Is Thanksgiving a Public Holiday?
Thanksgiving is a statutory holiday in Canada, according to Holidays 2025, which falls on the second Monday of October. All businesses, stores, and shops as well as all schools, and universities remain closed on this day. Public Transportations also do not follow their usual route. However, the holiday is optional in the provinces of Atlantic Canada, but the festival is still recognized and celebrated. Thanksgiving in New Brunswick is a prescribed day of rest, whereas retail stores remain closed in Nova Scotia as designated. Celebrations in Quebec are on a smaller scale due to the Protestant history of the province. Nevertheless, federal government offices do not open on this day, no matter which area.
Thanksgiving History in Canada
Thanksgiving Day is about offering our thanks for all that we have received in life. It is a day of celebrating all that we have, everything that we have been blessed with and often overlook on regular days. The second Monday of October is a declared holiday in Canada for this commemoration, and this year, 13 October marks the day.
Thanksgiving history in Canada states that when Sir Martin Frobisher arrived in Canada from England in 1578, he celebrated this feat, along with his crew. They ate salt beef and mushy peas for merrymaking and expressed their gratitude over safely traversing across the ocean in this manner. This was because their expedition had been beset with troubles in the form of ice and freak storms. They even lost a ship to this. Thus, when they finally reached Frobisher Bay, Nunavut, the minister and preacher on-board, Mayster Wolfall gave a sermon highlighting that they should thank God for the safe arrival.
The traditions of Canadian Thanksgiving were further established after 1604 when French settlers arrived in the country. Then, in 1763 again, the day was commemorated and gratitude expressed for the Seven Years’ War to have finally ended. Refugees from the Colonies during the American Revolution brought more customs for Thanksgiving in Canada with them. After that, in 1872, the festival was celebrated for the Prince of Wales who recovered from a severe illness. Throughout these years, the celebration of Thanksgiving Day in Canada continued on and off, at different dates, and even months.
Finally, the day was declared to be a national holiday in 1879, and the second Monday of October chosen as the uniform date in 1957. As per the Parliament, Canadian Thanksgiving was the day to thank God for the blessings of a plentiful harvest in the country.
Public Life on Thanksgiving in Canada
The fundamental customs and traditions of Thanksgiving in Canada are the same as that of Thanksgiving in the USA. The feast (dinner or supper) is still a significant part of the celebration, and Thanksgiving Turkey is a substantial portion of that meal. Although, replacing the turkey with some other meat is not considered too problematic in Canada, unlike the USA. The menu for the traditional Thanksgiving dinner also includes stuffing, sweet potatoes, cranberry sauce, mashed potatoes with gravy, sweet corn, various types of squashes, and Brussels sprouts.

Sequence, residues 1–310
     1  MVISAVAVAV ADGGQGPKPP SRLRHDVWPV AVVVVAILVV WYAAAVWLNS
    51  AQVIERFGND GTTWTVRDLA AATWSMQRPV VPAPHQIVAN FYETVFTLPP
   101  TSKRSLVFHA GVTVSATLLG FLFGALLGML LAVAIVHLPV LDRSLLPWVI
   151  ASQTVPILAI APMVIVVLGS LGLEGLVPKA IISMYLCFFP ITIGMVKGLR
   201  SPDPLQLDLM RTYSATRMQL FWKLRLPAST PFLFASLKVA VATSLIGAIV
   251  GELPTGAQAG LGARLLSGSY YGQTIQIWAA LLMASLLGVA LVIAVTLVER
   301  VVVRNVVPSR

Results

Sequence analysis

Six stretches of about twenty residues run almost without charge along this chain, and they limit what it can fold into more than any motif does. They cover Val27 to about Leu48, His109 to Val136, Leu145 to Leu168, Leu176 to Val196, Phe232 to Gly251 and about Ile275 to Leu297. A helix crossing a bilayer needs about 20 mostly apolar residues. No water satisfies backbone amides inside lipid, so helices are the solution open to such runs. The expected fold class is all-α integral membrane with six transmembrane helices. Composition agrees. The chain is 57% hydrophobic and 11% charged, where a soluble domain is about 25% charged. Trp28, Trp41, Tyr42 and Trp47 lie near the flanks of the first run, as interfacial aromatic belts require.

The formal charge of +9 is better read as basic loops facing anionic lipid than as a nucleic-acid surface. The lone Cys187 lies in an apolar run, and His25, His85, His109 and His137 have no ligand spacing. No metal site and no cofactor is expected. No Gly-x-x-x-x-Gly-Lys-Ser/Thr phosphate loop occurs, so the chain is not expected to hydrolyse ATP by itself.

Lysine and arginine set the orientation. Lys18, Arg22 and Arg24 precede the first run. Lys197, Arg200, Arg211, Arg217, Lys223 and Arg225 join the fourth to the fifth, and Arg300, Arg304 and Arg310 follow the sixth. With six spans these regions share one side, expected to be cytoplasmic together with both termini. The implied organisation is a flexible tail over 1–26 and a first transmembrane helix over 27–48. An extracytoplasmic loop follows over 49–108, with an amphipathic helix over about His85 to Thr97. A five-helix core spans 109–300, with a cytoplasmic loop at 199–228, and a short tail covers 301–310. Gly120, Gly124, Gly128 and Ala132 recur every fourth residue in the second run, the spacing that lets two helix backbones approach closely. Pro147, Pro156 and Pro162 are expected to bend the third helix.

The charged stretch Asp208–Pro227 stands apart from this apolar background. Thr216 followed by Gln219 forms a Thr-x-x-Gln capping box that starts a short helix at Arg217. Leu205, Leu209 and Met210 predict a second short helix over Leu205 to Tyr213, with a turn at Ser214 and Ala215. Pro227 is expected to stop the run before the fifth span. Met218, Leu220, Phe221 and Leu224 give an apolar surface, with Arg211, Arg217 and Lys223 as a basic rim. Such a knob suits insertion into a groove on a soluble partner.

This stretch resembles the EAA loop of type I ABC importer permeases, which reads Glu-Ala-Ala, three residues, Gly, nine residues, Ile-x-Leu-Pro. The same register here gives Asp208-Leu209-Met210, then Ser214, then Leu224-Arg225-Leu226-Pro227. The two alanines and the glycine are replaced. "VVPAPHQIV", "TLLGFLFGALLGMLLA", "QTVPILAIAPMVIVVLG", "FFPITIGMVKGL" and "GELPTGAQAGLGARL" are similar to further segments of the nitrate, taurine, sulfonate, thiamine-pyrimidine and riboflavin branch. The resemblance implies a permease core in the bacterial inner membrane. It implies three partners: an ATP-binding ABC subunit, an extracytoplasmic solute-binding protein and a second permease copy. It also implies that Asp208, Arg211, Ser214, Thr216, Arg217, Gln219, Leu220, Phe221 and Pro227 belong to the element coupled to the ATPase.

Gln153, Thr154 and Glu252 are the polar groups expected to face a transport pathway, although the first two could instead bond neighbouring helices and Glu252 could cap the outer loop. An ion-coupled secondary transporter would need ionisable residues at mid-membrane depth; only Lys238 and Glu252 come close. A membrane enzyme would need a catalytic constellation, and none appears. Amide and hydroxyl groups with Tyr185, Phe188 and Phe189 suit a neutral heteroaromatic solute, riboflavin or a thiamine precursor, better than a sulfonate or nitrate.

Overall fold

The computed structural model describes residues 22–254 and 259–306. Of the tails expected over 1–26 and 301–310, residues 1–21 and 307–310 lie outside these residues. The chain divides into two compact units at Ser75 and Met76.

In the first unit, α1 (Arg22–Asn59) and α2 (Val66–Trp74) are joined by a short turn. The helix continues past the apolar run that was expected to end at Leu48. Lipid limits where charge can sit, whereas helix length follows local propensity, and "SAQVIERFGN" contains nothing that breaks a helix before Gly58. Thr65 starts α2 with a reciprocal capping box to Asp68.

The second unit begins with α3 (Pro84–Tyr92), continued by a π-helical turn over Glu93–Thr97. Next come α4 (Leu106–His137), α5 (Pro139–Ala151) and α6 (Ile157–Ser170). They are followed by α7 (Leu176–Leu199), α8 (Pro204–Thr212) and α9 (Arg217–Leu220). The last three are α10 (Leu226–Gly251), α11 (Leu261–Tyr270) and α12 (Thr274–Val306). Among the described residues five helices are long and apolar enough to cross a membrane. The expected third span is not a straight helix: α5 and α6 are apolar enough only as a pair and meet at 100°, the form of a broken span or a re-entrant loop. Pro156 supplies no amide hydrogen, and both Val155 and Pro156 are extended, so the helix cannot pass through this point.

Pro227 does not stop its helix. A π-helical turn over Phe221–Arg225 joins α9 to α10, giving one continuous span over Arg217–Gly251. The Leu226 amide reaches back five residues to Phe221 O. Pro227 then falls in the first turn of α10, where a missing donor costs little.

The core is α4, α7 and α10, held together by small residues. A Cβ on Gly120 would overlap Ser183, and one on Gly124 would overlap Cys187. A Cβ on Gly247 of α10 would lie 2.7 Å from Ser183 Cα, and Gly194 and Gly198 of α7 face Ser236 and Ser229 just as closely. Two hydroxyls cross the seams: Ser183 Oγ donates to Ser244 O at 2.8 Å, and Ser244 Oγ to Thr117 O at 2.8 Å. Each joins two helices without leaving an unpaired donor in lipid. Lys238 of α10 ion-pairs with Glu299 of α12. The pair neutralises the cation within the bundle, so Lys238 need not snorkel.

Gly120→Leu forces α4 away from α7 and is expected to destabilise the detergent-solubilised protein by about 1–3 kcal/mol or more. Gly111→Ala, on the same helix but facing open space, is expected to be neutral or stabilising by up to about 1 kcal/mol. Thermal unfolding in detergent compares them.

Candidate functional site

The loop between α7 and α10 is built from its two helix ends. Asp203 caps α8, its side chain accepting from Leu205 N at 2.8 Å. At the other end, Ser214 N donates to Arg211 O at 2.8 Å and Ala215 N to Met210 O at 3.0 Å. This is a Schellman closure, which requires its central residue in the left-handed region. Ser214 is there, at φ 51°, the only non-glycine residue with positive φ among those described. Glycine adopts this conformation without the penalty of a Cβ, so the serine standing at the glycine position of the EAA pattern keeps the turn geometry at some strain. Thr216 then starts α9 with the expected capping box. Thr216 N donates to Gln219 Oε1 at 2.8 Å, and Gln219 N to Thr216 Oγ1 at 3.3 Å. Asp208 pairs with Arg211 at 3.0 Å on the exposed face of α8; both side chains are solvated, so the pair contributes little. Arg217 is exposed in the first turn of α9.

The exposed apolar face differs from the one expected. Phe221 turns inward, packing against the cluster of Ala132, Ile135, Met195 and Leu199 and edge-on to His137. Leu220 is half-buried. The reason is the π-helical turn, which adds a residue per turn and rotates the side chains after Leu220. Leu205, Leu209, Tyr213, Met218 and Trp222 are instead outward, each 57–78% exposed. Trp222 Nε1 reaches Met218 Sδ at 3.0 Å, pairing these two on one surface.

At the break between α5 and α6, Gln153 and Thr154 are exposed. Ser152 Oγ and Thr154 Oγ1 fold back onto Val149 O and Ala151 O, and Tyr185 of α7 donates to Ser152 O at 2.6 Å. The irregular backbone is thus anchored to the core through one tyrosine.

There is also pumpkin or apple pie and baked ham. Additionally, regional dishes and desserts, like Jiggs dinner (boiled meat) with split-pea pudding, salmon, butter tarts, wild game, and Nanaimo bars also make the cut. Although Thanksgiving in Canada is officially celebrated on a Monday, families prefer having their get-togethers and dinner on any day of the long weekend.
Football matches are another significant tradition of Canadian Thanksgiving, and the Canadian Football League plays two games, broadcasted back-to-back – a doubleheader, one of the only two on Mondays. Apart from this, is the Thanksgiving parade, held by Kitchener–Waterloo Oktoberfest.
The long weekend brings numerous opportunities for outdoor activities for Canadians before the snowy winter finally sets in, and hiking and fishing (without the snow and ice) become impossible.
Thanksgiving Day Observances
|2019||Mon||14 October||Thanksgiving Day||National Holiday|
|2020||Mon||12 October||Thanksgiving Day||National Holiday|
|2021||Mon||11 October||Thanksgiving Day||National Holiday|
|2022||Mon||10 October||Thanksgiving Day||National Holiday|
|2023||Mon||9 October||Thanksgiving Day||National Holiday|
|2024||Mon||14 October||Thanksgiving Day||National Holiday|
|2025||Mon||13 October||Thanksgiving Day||National Holiday|
1. How is the Canadian Thanksgiving different from the American festival?
To begin with, Thanksgiving in Canada falls in October, not November, like in the USA. Moreover, this celebration is not immediately associated with Black Friday or any other such shopping fest. But most importantly, it is not too much a big deal in Canada as in America and Turkey is not always the central figure.
2. Which came first Canadian or American Thanksgiving?
The earliest records of the Canadian Thanksgiving date back to 1578, almost half a century before the Feast in Plymouth took place. Moreover, Thanksgiving in Canada is celebrated in October, whereas the festival falls in November in the USA.
3. What are some symbols associated with Thanksgiving in Canada?
Thanksgiving in Canada celebrates a bountiful harvest, and therefore the symbols associated with the day are related to the same. These include pumpkin, turkeys, and ears of corn – things they grow, but also a cornucopia filled with fruits and vegetables. This signifies bounty and plenty, as per the ancient Greeks.
Tl;dr For those who only wish to know When is Thanksgiving Day in 2025? The date is 13 October, Monday.
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